The Bay Area team also draws players from the San Jose area, Wong said. This was a club competition, so we fundamentally were playing all-star teams, he said. Bryan Wong, 8, another of Wong’s sons, tied for 17th in the 8 and under division.
Coalinga also has won 12 Southern California scholastic State Chess Championships titles in the past six years. Members of the Mendota team that finished third in San Francisco in the 20 and under division were Sergio Mayares, 17, and Joel Montalvo and Julian Estrada, both 19.
Mendota placed second in the 18 and under division. Team members were Charles Ledesma and Kevin Romero, both 17, and Lizzy Gonzalez, 18. Ledesma was fifth in the individual competition.
In the 16 and under allotment, Mendota was fourth. Team members were Jose Caldedrio and Luis Castro, both 16, Gaston Aganza and Anthonio Rojas, both 15, and William Yim, 14. Caldedrio placed highest — 15th — in the personality conflict.
He went about mowing down challenger after challenger in traditional style. It was only against IM Malcolm Pein that Super-GM Michael Adams had a few nervous moments (he won in the end). The Festival took place in the comfortable surroundings of the Library Room in the Bunratty Castle Hotel from February 27th to March 3rd. We bring you a graphic report by Gery Graham.
The 20th Bunratty Chess Festival took place in the Bunratty Castle Hotel from February 27th to March 3rd 2013 and worried over 300 players for the first time since 2005. This event is without hesitation, the strongest weekender in Ireland but this year, it wasn’t just a weekender, we also had the opening Bunratty Chess Classic, a nine-round FIDE rated standard event.
This event started on Wednesday afternoon and finished about the same time as the weekender, on Sunday evening. It was hoped that one of the Irish players might score a norm here, but alas, as can be seen by the results here, this wasn’t to be. It is hoped that this event will be run again next year giving our home players another fracture at the norms on home soil.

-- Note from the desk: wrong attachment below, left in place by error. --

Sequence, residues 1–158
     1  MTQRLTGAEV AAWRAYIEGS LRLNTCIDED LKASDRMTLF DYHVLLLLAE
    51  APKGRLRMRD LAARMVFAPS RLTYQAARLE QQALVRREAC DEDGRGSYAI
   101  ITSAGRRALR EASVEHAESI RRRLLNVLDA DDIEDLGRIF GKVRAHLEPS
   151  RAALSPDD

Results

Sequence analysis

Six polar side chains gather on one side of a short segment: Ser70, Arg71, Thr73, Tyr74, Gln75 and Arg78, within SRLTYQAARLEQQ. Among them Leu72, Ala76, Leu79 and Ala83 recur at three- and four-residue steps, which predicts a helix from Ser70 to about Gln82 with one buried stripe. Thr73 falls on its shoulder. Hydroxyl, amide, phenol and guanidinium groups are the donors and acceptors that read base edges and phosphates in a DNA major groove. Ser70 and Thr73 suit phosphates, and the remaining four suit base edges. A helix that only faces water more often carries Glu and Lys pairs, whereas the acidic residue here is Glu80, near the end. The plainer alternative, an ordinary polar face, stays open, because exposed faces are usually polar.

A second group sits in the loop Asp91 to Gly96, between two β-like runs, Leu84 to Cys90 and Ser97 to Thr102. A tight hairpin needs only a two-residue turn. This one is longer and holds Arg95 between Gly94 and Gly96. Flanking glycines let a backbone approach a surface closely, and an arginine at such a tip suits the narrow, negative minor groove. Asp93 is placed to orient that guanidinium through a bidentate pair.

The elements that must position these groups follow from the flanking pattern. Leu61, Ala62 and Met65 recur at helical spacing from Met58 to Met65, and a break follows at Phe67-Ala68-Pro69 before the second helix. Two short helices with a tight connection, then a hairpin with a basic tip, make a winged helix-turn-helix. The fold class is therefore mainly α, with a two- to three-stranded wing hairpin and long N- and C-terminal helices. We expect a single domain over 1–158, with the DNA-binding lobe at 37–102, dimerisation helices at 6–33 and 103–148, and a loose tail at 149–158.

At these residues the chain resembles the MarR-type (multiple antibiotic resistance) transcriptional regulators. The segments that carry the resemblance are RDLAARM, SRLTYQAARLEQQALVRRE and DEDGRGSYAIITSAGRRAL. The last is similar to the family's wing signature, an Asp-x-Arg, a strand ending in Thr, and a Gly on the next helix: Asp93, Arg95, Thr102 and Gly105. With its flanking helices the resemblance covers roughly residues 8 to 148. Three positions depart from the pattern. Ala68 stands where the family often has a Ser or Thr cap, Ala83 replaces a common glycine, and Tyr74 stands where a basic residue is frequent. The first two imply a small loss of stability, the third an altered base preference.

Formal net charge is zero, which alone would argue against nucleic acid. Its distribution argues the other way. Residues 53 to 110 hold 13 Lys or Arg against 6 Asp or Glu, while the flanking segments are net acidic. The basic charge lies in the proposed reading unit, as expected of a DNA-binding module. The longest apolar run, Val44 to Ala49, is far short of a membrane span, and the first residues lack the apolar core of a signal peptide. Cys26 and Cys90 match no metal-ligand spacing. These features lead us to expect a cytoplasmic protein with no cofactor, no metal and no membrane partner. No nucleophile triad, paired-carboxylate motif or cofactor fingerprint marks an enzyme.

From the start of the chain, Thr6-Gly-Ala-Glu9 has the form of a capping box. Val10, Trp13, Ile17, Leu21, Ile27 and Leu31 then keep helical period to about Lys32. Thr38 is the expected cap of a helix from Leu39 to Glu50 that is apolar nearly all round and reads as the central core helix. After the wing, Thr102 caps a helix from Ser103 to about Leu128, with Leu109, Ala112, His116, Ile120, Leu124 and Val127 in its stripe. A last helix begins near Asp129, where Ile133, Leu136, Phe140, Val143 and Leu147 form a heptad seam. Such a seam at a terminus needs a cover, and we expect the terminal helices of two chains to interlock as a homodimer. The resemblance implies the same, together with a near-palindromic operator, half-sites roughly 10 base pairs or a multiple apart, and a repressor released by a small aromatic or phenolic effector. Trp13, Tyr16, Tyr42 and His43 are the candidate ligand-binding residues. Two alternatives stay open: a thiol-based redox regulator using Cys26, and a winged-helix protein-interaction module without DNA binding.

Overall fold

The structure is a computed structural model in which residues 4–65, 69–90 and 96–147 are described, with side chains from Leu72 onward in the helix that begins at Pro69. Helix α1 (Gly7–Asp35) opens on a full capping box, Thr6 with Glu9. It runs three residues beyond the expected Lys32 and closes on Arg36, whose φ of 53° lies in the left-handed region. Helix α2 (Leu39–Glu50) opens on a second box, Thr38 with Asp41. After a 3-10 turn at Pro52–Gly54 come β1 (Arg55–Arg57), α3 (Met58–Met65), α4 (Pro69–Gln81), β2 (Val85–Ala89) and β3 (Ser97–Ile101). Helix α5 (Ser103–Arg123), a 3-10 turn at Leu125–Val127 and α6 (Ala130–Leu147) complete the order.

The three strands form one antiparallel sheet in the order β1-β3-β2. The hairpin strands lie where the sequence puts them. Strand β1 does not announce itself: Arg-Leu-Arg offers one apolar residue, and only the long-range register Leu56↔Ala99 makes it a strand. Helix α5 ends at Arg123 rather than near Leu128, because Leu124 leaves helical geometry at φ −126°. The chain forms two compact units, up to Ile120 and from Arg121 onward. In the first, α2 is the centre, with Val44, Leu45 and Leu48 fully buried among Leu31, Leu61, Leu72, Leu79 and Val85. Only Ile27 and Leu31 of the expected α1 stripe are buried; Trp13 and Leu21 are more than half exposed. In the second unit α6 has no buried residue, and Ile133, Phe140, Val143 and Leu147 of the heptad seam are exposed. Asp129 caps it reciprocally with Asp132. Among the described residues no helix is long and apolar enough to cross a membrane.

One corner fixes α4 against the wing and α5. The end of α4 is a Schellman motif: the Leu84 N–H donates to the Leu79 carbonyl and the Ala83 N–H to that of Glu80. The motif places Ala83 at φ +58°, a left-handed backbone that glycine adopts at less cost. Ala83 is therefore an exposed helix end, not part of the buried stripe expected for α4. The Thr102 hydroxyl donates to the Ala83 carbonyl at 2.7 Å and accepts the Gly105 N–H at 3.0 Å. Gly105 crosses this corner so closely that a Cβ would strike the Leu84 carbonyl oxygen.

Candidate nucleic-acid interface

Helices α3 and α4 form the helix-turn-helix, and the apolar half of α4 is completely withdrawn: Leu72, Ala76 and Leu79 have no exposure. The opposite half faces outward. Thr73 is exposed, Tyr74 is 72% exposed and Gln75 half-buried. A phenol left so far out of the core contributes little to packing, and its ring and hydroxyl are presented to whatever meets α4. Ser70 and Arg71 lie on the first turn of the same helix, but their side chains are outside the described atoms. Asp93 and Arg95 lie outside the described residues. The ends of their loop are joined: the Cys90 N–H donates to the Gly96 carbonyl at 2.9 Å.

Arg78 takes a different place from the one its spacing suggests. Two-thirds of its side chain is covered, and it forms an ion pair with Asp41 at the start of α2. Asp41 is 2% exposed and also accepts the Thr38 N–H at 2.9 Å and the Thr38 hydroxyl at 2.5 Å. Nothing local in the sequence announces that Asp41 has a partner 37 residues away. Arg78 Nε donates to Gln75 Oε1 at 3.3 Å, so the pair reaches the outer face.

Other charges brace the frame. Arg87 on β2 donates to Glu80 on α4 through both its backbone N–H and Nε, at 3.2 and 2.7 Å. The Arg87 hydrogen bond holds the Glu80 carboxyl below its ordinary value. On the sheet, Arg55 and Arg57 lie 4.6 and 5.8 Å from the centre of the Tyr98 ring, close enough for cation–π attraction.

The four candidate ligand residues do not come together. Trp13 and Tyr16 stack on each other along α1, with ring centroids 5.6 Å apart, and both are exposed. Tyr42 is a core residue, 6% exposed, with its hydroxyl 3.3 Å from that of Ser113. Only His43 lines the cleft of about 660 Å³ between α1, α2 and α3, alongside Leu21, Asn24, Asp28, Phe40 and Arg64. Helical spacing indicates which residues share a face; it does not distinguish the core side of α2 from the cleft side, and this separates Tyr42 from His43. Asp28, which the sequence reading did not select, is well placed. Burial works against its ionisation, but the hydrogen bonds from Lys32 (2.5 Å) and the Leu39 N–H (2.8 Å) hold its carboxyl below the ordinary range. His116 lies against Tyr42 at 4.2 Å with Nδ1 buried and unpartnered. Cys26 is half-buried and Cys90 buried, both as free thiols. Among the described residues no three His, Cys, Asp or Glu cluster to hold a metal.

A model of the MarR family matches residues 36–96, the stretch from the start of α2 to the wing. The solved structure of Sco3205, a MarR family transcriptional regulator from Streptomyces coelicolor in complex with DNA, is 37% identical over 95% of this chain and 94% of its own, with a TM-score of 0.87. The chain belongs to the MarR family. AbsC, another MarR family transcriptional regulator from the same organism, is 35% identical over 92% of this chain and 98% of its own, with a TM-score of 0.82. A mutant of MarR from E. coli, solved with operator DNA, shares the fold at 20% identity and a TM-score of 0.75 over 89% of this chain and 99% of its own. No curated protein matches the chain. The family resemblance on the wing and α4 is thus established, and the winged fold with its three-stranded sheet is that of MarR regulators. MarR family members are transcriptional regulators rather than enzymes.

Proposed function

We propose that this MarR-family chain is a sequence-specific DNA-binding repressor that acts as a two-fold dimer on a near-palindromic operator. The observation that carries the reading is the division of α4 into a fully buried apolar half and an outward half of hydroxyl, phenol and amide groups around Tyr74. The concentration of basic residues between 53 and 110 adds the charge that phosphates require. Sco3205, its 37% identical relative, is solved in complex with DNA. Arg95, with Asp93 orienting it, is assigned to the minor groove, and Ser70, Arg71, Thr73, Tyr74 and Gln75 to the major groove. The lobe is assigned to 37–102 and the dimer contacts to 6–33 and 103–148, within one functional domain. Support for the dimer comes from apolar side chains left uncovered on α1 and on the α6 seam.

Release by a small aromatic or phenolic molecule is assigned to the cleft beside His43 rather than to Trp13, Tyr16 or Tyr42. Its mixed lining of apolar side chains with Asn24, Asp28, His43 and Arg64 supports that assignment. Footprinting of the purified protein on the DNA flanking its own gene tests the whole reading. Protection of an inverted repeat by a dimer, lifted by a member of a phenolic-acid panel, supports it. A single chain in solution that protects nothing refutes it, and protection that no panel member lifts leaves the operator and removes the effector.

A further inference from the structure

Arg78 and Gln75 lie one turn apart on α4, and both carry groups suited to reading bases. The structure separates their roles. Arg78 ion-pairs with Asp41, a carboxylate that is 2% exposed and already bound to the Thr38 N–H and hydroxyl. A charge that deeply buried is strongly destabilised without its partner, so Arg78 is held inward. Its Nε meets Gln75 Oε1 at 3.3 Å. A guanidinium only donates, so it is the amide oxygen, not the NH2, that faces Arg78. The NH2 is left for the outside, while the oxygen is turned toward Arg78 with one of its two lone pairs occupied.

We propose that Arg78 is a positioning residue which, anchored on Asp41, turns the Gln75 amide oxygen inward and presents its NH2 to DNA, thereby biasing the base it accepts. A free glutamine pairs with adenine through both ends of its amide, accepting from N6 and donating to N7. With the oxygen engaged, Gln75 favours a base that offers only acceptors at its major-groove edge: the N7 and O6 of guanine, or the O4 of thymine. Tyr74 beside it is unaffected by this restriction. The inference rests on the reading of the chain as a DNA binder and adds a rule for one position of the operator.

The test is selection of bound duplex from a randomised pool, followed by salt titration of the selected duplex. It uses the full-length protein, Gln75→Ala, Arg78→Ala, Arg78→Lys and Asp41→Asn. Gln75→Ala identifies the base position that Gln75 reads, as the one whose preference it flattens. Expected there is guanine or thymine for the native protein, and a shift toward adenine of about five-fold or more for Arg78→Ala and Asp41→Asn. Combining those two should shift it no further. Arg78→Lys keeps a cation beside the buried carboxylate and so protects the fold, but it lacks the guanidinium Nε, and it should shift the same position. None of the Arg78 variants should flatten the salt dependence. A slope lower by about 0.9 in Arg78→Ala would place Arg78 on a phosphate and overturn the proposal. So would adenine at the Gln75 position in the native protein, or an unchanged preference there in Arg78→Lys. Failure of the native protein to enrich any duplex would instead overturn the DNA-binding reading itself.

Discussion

The traditional weekender was a massive achievement, the masters section being the main appeal, as usual. The top two seeds were the same as last year, England’s two super GMs, Michael Adams and Nigel Short. We also had two other GMs as well as many IMs and FMs to do fight for the €1,000 first prize and the crystal award too.
The first round did see a few disturb as David Murray drew with Peter Wells and Anthony Fox with Lawrence Trent. The only seed to lose was Fiona Steil Antoni from Luxemburg, the girlfriend of Vladimir Hamitevici, who went down to Arno Eliens of Holland in a close battle. The second round shaped another disturb when Philip Short beat Alexander Baburin in this game.
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An exhilarating round for sure, regardless they require of critical results. Boris Gelfand played a Najdorf against his 2012 World Championship challenger Viswanathan Anand, forfeits a pawn and was able to hold him to a draw in 42 moves. Vladimir Kramnik used a Benoni against Fabiano Caruana and had the benefit in a well-fought draw. Guess who dropped in to assist with the comments.
In one of the strongest contest of the year the World Champion Viswanathan Anand (India) is facing the former title-holder Vladimir Kramnik (Russia), last year’s World competition challenger Boris Gelfand (Israel) and the rising star Fabiano Caruana (Italy). At the Savoy Hotel, Paradeplatz, Zurich, the four masters are playing a double round-robin contest from 23 February to 1 March 2013.
This unusual line of the Najdorf gave Black excellent recompense for a sacrificed central pawn. However, after Gelfand missed the very strong 14… Bxh3! Anand seemed to be firmly in control, with strong potential of combine his material gains. Some hesitant decisions allowed the Israeli to cripple White’s queenside pawn understanding and safe the game.
Kramnik was in no mood to defend a passive Catalan spot, so he used the sharp Benoni! However, he may have regretted this choice well before the 20th move, as Caruana had a strong positional advantage and everything seemed to be going his way. For some odd reason the Italian GM allowed a series of unusual tactics that landed him in a bizarre position, far from the clear benefit he was holding in the opening. After some precise moves the position sadly fizzled into a draw.